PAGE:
Voluntary assisted dying will give me control at the end of my life

Voluntary assisted dying will give me control at the end of life.

Roz Hervey was diagnosed with motor neurone disease in late 2022. A massive shock for an active arts administrator and creative producer at Restless Dance Theatre in Adelaide. Ms Hervey said that she and her family are focused on living her best life, using her active time to create memories for the whole family. Overseas trips, catching up with people she loves, having dinners, making every day special.

"… that's what's really important to me, it's making memories, not just for me, but everybody around me," she said.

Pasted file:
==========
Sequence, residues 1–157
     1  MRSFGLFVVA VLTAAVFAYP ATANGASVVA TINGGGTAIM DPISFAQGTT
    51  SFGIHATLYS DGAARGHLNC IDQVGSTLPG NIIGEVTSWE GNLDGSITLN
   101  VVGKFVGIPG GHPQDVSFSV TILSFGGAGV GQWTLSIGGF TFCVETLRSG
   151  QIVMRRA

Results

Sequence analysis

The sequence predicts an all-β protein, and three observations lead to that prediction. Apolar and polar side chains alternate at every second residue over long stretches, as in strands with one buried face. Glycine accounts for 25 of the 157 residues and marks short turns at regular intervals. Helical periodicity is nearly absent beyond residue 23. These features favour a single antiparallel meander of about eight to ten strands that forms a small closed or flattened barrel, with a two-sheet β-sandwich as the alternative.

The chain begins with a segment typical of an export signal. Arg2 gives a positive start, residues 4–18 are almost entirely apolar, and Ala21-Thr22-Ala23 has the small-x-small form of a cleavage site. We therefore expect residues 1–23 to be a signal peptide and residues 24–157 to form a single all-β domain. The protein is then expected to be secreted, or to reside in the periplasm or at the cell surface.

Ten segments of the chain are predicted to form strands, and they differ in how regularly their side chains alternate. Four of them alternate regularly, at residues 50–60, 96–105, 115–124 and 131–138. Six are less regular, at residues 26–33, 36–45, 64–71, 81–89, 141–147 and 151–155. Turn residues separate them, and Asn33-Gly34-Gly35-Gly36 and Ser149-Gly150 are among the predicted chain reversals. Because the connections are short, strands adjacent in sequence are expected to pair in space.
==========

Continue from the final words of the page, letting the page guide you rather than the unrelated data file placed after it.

Ms Hervey is working desperately to keep the disease at bay through pilates, walking, stretching and seeing a psychologist, while the help of the NDIS has helped keep her working.

"It's important not to grieve until you have to grieve," she said.

"I'm really trying to encourage my family to focus on living in the moment now, appreciating all the things we've got."

MND is an incurable disease that kills nerves known as motor neurons, leading to muscle wastage and paralysis.

Ms Hervey uses a scooter, wheelchair and walker and has recorded 300 messages for when her voice fails.

"I'm a control freak and MND is about losing control," she said.

"The voluntary assisted dying law will enable me to make that choice to die when I want to die and that gave me the ability to find positivity in life.”

ABC TV news told Ms Hervey’s story in an online and broadcast report on Thursday, February 8, 2024. The reporter was Matthew Smith.